Utah city schools bar Monday-night events after Mormon request

The Associated Press/December 16, 2002

Provo, Utah -- A policy banning the city's schools from planning events during the Mormon church's weekly family home evening may be short-lived.

Civil libertarians are investigating to see if school officials went too far with their new policy barring all school activities on Monday nights.

"We're going to have to look at this because the district's decision raises concerns about a possible unconstitutional violation of the First Amendment's establishment (of religion) clause," Utah American Civil Liberties Union Executive Director Dani Eyer said.

"The question is whether the district is motivated by dictation from the church or as a practical matter of 90 percent of the people being LDS (Latter-day Saints members) and wanting to stay home that night."

Provo's policy comes after the Church of Jesus Christ of Latter-day Saints President Gordon B. Hinckley's plea last October for schools and others to abstain from scheduling Monday-night activities to allow church members to spend time with their families.

District administrators' directive this week to principals, in effect, enforces that request. Eyer said public schools should not be taking marching orders from a religion.

Provo Superintendent Patti Harrington said she had talked to principals about keeping Monday inactivity sacrosanct at the school board's insistence. "The religious statement by President Hinckley had no bearing on my decision," Harrington said. "Did his statement influence the board's decision? I would expect so."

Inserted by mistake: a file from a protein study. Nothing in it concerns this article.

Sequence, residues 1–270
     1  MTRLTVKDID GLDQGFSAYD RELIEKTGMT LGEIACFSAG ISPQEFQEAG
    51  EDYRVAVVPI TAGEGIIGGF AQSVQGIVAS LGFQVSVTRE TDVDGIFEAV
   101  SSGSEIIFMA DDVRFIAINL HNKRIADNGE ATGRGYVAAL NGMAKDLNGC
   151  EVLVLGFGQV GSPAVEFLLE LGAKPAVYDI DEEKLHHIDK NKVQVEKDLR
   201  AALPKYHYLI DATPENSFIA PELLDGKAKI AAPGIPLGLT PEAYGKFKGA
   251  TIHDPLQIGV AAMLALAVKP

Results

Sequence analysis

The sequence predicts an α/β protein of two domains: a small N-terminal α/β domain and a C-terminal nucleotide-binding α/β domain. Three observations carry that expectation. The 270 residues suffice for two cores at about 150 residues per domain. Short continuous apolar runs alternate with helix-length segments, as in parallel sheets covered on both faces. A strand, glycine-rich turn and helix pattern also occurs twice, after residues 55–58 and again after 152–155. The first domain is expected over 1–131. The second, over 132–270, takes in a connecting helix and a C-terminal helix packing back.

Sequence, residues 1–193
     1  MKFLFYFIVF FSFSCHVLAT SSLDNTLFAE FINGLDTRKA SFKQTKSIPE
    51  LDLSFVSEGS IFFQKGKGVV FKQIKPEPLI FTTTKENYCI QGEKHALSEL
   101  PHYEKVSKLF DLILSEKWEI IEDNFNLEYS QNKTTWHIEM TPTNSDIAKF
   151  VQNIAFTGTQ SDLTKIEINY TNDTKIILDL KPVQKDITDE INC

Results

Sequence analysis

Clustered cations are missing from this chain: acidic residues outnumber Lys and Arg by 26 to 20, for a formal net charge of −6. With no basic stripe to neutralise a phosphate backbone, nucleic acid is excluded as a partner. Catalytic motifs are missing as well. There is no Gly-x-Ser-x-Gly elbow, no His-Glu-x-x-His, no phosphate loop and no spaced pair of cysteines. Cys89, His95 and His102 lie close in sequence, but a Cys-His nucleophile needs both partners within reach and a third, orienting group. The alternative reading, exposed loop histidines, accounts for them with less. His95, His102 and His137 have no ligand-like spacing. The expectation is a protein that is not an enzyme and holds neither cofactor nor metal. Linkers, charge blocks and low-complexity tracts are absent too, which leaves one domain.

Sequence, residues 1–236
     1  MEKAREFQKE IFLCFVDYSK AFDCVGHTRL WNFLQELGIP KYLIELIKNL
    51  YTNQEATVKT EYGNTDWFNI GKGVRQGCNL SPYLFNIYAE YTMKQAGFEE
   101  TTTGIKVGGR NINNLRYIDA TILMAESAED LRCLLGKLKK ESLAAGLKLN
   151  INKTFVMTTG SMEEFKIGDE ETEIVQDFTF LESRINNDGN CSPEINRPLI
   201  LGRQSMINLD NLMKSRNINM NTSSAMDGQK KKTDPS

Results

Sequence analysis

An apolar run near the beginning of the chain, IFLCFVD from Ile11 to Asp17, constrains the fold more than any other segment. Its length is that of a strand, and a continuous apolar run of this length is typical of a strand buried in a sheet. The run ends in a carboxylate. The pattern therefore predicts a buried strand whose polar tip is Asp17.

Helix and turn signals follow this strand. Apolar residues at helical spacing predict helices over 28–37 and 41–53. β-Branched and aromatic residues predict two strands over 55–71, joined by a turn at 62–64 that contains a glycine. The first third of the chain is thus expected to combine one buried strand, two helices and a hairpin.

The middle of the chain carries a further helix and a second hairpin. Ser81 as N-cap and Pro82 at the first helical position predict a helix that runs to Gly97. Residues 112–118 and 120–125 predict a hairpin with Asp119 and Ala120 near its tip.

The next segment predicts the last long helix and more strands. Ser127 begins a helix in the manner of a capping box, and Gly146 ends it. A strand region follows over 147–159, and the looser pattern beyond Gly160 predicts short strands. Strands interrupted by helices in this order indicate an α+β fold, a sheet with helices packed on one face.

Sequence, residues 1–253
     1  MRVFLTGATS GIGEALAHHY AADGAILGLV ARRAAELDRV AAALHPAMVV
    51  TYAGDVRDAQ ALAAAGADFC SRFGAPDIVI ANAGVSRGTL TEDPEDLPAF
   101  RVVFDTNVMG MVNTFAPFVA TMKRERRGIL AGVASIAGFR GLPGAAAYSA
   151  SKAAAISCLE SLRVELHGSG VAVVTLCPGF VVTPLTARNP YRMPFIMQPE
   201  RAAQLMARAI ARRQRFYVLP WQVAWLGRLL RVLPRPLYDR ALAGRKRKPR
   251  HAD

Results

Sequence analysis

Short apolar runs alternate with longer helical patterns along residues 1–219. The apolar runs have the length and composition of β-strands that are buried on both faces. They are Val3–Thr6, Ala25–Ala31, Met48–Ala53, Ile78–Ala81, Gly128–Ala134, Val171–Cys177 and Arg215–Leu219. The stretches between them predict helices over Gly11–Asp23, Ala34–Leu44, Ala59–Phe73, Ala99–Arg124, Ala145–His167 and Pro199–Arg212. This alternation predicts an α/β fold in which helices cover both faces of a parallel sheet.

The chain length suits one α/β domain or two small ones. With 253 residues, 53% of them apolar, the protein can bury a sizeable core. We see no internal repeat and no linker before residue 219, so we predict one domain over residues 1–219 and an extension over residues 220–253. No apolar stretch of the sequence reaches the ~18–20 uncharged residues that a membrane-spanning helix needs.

Board President Richard Sheffield maintains the board acted because there was wide public support for nixing Monday-night events after Hinckley's remarks.

"We realize the importance of the separation of church and state, but felt as a board that we needed to respond to the groundswell no matter where that groundswell was coming from," Sheffield said.

Provo is the only Utah County school district to ban Monday-night activities. Alpine and Nebo have encouraged principals to make that evening activity-free.

Provo United Church of Christ minister Susan Jackson says it is "wonderful" that Mormon leaders have spoken out because school activities too often interfere with religious practice.

Meanwhile, Provo Lutheran pastor Paul Olsen recalled his previous post in an Iowa town, where the ministerial association asked schools to stop scheduling events and assigning homework on Wednesday evenings traditionally reserved for church night.

"I was uncomfortable with that then and I remain uncomfortable with [such requests] now," Olsen said. "I would no more want a board to follow my dictates or the dictates of the Lutheran Church than I would the LDS (Latter-day Saints) Church."

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